Why San Francisco Homes Still Have Ceiling Medallions

San Francisco’s Victorian homes are known for their ornate features. From moldings to sculpted fireplaces to the peaks that loom above you as you enter the front door, these features showcase architecture that is anything but dull.

But while their opulence can easily be taken for granted as a distinctive feature of the time, those decisions were often largely functional.

If you’ve stared at enough ceilings in San Francisco, you’ve probably noticed the intricate carvings of the circles surrounding the light fixtures. Today, those ceiling medallions, sometimes called centers, are purely decorative, but that wasn’t always the case.

“Ceiling medallions were used to hide soot because all these houses were lit by gaslight and they give off soot, especially if they were placed too high or if they were dirty,” says Bonnie Spindler, a real estate agent and “the Victorian specialist “. from San Francisco. “When you have the medallion there, the soot collects in the crevices of the ceiling medallion and gives it more dimension than it would otherwise have. It actually hid the dirt.”

Gas lighting was widely used in homes in the 1880s and was installed in homes in the 1910s, both to illuminate the home and to help heat it. It quickly went out of style in the early 20th century in favor of electric lighting, but not before a construction boom occurred in San Francisco. It all coincided with the rise of the middle class, who now had more access to furniture such as plaster trim.

Ceiling medallions on display at Lorna Kollmeyer Decorative Plaster in Hunters Point Shipyard.

Patricia Chang/special for SFGATE

Plaster shops were numerous at the time, specializing in features such as the ceiling medallions. Today there is only one decorative plaster shop left in San Francisco – Lorna Kollmeyer Decorative Plaster. Kollmeyer said her Hunters Point store sells more ceiling medallions than anything else, but before she opened 37 years ago, the closure of many of the city’s plaster shops likely aligned with the decline in demand for plasterwork.

“[Ceiling medallions] went out of style, probably because a lot of them fell from the ceiling. After the Victorian era, after 30 to 40 years, houses deteriorate and plaster degrades and needs maintenance. But in the 1940s and 50s, all the plaster shops were gone,” she said. “There was no production and people took them down.”

As more people became interested in restoring Victorian homes over the past 30 years, craftsmen specializing in these functions opened businesses such as Kollmeyer’s. Now customers flock to her store to replace or repair crumbling medallions, or even add them if they weren’t already there.

She said she usually already has a mold in her shop of the locket someone wants to fix because the designs of these lockets were so regional. “All of our pieces, except for one or two custom ones, all come from homes in San Francisco and the Bay Area,” Kollmeyer said. “At that time it was a very regional production. There was no reason to pack and ship them. The designs and patterns here are so distinctive and look so different from, say, the East Coast, which can be more federal or colonial.”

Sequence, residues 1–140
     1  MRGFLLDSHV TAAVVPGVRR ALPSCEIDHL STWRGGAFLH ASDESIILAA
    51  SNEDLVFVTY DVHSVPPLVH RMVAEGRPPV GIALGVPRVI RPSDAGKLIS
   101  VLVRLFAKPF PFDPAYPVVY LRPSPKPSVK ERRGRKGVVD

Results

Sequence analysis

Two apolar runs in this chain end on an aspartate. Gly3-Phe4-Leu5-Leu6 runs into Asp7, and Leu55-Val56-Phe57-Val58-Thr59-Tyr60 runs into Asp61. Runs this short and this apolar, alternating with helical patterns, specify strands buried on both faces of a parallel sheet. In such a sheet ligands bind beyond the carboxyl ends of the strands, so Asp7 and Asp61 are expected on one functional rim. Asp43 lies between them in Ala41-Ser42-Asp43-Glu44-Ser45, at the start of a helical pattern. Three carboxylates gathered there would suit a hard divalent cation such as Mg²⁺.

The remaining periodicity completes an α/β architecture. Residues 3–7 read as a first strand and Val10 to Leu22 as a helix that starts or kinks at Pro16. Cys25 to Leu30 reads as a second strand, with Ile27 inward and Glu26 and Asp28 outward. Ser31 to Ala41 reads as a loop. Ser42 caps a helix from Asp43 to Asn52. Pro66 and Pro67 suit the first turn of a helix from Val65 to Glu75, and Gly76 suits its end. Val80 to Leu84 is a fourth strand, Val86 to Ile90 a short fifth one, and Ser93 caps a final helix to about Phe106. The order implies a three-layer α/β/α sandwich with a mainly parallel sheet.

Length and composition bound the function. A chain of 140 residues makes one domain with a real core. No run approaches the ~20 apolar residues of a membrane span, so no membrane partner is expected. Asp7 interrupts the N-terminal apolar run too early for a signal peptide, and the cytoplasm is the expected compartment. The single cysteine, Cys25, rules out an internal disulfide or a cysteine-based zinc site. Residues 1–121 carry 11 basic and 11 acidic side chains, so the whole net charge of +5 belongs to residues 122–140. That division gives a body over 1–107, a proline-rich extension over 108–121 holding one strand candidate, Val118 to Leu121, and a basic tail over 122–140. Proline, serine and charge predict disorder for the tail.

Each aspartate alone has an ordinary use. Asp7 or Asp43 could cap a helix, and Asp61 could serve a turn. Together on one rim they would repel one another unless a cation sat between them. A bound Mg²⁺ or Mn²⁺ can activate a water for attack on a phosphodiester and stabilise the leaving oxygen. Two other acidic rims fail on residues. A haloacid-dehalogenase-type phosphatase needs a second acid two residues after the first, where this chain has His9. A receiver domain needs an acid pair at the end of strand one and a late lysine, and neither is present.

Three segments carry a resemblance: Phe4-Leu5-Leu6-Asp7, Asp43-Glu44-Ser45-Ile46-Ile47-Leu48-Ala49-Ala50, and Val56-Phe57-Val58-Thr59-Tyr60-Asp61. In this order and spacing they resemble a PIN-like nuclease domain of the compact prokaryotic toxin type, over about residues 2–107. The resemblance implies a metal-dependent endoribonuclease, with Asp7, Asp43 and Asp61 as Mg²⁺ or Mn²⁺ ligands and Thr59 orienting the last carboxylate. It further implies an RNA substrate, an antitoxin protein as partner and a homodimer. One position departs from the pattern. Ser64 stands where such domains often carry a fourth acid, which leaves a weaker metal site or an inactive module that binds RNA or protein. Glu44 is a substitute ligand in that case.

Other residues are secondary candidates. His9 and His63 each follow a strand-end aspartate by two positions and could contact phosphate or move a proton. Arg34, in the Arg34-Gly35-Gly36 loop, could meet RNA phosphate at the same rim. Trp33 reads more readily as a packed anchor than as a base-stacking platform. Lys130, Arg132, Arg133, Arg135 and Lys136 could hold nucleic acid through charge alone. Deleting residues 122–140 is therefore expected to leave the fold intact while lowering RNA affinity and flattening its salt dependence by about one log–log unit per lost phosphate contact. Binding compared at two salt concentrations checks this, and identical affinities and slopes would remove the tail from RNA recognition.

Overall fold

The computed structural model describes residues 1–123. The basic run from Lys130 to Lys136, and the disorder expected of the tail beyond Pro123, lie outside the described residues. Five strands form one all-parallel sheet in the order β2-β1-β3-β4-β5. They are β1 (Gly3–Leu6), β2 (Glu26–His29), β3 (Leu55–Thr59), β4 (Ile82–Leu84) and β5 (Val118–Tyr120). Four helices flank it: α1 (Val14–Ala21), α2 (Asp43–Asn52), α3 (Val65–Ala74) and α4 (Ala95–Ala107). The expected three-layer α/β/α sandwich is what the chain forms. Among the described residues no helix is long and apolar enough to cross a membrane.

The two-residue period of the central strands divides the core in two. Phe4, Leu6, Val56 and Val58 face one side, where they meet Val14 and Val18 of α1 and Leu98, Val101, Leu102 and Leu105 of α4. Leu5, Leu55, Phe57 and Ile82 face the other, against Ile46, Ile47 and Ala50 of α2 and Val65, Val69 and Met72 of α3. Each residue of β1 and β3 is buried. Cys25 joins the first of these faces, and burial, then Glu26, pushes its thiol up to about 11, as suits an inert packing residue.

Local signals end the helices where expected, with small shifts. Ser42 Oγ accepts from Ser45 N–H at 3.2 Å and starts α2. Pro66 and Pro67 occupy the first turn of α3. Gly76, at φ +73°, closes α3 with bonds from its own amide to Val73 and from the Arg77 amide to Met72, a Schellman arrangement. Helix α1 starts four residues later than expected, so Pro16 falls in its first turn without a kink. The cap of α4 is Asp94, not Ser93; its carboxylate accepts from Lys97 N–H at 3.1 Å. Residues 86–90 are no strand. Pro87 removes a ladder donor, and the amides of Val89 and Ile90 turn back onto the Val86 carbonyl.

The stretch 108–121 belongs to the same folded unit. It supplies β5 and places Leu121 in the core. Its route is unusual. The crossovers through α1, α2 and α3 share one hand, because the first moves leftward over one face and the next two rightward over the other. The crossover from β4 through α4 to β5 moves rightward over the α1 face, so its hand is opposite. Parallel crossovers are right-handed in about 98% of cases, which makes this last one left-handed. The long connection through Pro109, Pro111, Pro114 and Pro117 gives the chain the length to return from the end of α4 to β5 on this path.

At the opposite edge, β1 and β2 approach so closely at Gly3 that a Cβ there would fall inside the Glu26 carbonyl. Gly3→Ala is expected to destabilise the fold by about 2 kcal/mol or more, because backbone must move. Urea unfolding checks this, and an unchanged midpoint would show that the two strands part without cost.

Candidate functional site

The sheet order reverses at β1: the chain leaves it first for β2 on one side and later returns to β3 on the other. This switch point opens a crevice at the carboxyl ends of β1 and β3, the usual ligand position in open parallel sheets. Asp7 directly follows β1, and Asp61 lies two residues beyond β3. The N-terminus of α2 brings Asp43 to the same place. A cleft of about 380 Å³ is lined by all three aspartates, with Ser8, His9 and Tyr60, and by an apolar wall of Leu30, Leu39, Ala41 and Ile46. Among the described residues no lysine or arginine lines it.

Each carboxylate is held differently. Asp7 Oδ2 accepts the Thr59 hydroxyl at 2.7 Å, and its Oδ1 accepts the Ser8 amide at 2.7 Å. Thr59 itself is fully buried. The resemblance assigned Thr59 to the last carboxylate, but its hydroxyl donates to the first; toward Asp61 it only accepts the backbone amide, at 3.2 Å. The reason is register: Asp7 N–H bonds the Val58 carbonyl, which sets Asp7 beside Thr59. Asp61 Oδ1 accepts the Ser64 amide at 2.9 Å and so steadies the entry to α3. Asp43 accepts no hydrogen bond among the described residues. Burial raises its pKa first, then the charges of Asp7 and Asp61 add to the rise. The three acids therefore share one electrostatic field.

Ceiling medallions on display at Lorna Kollmeyer Decorative Plaster in Hunters Point Shipyard.

Ceiling medallions on display at Lorna Kollmeyer Decorative Plaster in Hunters Point Shipyard.

Patricia Chang/special for SFGATE

The various medallions in her shop are named after the streets of the houses they originally came from in San Francisco. She said the Pine, Jackson and Del Mar are the most popular styles, she thinks because they are more neoclassical. She said they don’t look overly Victorian – they’re more modest and fit in with a modern style – but they’re still from that era.

When customers enter her store looking for guidance, Kollmeyer begins to learn a little more about their home. She wants to see photos, know what year it was built and what kind of rooms they will be in. She also has strong opinions about which room in the house your favorite medallion should hang. “In my humble opinion, the most important medallion is the one in the bedroom. You lie there and look at it every day!” she said with a laugh.

Kollmeyer even gives customers detailed instructions on how best to assemble the medallions, which typically weigh about 7 or 8 pounds.

Ceiling medallions on display at Lorna Kollmeyer Decorative Plaster in Hunters Point Shipyard.

Ceiling medallions on display at Lorna Kollmeyer Decorative Plaster in Hunters Point Shipyard.

Patricia Chang/special for SFGATE

Cliff’s Variety, the homewares and hardware store in the Castro that has been around since 1936, sells ceiling medallions made by Kollmeyer. The store’s general manager, Terry Asten Bennett, said they have about 40 medallions in the store, and they will also special order anything from Kollmeyer that a customer wants.

“Customers are always so excited when they look up into the toy department (the only place in the main store with a ceiling low enough to display them) and see them. … We started selling ceiling medallions in the 1970s, when gay couples started buying the old Victorians in the Castro and restoring them.”

Asten Bennet said they’ve only sold 58 medallions so far this year, which is a lot less than usual. Normally they would have sold double by this time of year, she said, but she blames the COVID-19 pandemic for the slowdown.

A common mistake that both Spindler and Kollmeyer see people make is buying a locket that is too small for the room. “I tell people Victorians can absorb decor. It’s okay to overdo it a little. Something will stand out as a sore thumb if it’s too skinny,” Kollmeyer said. “If the room asks for big, go big. You can better go over the limit than be too small.”



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